When the market is getting hot, as it is now in Sydney and Melbourne, a sense of frenetic urgency creeps in.
House hunting on weekends turns into a blood sport and for many, it becomes a desperate time.
When you finally find a property that you can see yourself in for years to come, the one that ticks almost all the boxes, it can feel like fate has smiled on you.
The agent is accommodating and seems more than happy to meet you on multiple occasions to open the home so you can make certain it’s the one for you and those you love.
You put in a written offer and wait confidently by the phone for the good news to be delivered.
The agent calls, but it’s not what you’d hoped for.
In fact, it’s news that sends your heart plummeting through the floor – the owner has received another written offer and has given you an opportunity to counter-offer.
This can be devastating, particularly if you have been searching for quite some time and this property is one of the rare gems that you’ve fallen for.
For the inexperienced property buyer, this can feel like a betrayal by the agent.
It’s possible this agent has taken you through many properties and you’ve built a connection.
How can they take a competing offer to the seller?
It’s important to understand from the outset that the sales agent does not have any responsibility to you, the buyer.
The agent works for the seller.
The agent’s role is to create interest among buyers and ensure that plenty of purchasers compete for the property, creating a multiple offer situation if possible.
In fact, the agent has a statutory obligation to garner the highest possible offer for their client, the seller.
When you find yourself in a multiple offer situation it’s important to understand that you will likely only get one shot at putting in another offer.
Think carefully about the offer you want to make.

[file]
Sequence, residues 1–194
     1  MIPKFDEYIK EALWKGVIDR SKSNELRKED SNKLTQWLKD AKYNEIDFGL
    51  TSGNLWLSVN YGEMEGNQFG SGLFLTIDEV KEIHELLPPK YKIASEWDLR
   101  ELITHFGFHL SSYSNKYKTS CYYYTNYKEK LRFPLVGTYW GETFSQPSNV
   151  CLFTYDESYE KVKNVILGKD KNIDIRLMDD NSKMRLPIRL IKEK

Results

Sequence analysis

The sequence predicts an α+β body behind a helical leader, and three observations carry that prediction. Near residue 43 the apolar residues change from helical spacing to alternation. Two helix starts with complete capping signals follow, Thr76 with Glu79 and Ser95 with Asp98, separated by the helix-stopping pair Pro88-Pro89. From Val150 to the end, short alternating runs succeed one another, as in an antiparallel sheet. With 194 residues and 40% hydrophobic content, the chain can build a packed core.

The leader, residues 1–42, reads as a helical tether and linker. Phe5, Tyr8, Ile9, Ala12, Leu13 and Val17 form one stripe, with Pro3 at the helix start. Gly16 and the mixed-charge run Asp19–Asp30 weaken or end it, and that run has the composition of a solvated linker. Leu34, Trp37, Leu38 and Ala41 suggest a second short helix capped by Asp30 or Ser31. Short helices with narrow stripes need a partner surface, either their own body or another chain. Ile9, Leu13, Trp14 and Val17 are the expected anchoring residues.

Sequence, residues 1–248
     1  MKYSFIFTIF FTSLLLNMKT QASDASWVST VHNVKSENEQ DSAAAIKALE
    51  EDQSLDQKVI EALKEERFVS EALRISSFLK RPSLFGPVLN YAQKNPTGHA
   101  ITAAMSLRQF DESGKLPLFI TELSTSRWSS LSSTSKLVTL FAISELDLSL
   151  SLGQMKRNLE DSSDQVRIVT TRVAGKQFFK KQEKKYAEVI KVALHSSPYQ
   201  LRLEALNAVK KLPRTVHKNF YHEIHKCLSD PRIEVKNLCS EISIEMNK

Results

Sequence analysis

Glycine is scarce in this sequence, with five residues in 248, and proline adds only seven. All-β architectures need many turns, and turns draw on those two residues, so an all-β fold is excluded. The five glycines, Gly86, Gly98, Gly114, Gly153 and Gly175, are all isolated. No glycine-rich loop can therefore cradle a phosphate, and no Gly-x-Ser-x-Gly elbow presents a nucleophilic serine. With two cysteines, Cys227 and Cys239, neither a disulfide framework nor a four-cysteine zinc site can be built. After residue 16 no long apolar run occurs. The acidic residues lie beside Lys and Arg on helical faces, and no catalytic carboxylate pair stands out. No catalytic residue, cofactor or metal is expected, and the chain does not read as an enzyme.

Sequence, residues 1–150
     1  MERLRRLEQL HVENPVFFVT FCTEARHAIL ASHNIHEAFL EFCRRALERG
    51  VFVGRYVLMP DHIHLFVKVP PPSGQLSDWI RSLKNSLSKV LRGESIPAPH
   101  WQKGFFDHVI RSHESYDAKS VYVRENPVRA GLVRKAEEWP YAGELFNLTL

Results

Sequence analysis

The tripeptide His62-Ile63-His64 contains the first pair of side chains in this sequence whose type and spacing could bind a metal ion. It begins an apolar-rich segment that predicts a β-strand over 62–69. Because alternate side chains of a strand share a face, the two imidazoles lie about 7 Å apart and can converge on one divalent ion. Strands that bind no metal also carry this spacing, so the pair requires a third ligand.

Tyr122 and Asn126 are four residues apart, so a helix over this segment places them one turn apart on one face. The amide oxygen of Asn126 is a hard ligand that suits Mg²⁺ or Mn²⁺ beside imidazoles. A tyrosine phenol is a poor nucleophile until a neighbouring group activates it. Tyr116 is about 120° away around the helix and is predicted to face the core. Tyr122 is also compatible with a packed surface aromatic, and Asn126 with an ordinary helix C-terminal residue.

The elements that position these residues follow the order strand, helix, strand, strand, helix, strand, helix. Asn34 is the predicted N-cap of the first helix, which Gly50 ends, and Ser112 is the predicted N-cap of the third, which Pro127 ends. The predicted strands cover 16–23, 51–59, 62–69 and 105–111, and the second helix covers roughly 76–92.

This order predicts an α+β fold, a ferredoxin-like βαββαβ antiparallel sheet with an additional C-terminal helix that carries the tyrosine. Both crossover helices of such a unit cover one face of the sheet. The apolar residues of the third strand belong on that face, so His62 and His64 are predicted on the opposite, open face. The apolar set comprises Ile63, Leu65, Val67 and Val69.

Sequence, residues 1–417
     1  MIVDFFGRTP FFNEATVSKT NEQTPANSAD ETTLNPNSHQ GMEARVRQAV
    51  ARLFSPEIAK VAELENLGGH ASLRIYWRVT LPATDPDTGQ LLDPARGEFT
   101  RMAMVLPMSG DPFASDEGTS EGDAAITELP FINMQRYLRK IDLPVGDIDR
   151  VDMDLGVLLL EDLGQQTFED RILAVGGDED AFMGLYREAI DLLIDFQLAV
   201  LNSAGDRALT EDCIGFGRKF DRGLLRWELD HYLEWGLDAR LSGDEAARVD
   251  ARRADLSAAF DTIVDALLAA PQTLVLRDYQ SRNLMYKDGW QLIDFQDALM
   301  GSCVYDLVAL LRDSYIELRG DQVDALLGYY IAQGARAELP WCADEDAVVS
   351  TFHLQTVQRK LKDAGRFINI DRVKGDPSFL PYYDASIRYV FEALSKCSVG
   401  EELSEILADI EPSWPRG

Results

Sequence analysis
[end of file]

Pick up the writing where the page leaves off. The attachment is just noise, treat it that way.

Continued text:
And don’t be disheartened because it’s not always the highest offer that wins.
Ask the agent for the appropriate paperwork, usually called an Acknowledgement of Multiple Offers form.
For those who have an opportunity to be more flexible about the terms of their offer, this is the chance to shine.
If you are one hundred per cent certain this is the house for you and you have done your due diligence, including building and pest inspections, then you can consider waiving the cooling-off period.
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This sends a strong signal to the seller that you’re genuine, and they won’t have to worry about the contract falling over.
If the seller is in a hurry, offer to shorten the contract period, making the contract unconditional faster and saving the seller many weeks (or months) of tedious waiting.
If you have a significant cash amount at your disposal, make the deposit as large as you can safely afford.
This tells the vendor you’re not hedging your bets and are fully committed to this house.
This can be very appealing to a seller who may have been burned before by sale contracts falling over.
And if you want to reclaim some control over the situation, you can put the clock on your offer.
Explain to the agent that the offer is only good for 24 or 48 hours.
This will force them to act quickly and if you lose the house, you can be comforted by the situation not dragging on too long.
A Dutch auction is when the vendor is receiving multiple offers and the agent shares the amount of the offer with interested parties to allow them to outbid each other.
It’s an ethically grey area for agents because of the lack of transparency for buyers, who have no way of knowing if the other bidders are genuine.
In most states, including Queensland, New South Wales, and Victoria, there are strict laws that prevent agents from misleading buyers, however, the murky nature of the Dutch auction means it’s a situation best avoided.
If the agent approaches you with a figure “to beat” you can choose to soldier on or let this property go.
My key advice here is to be certain if you want to proceed, that you have an absolute line in the sand on price.
Be firm with yourself– and communicate to the agent, once you reach that figure, you are not interested in further negotiation.
The low-interest environment means that the pressure on the market is likely to continue for some time to come.
It’s more than likely that you will find yourself in a multiple offer situation, so take this opportunity now to prepare for it.
Could you put down a sizeable deposit, if you needed to? Could you waive any conditions to entice the seller?
What do you need to do now in order to become a more attractive buyer to the vendor?
It’s worth putting in some early planning so you’re ready to pounce when the time comes.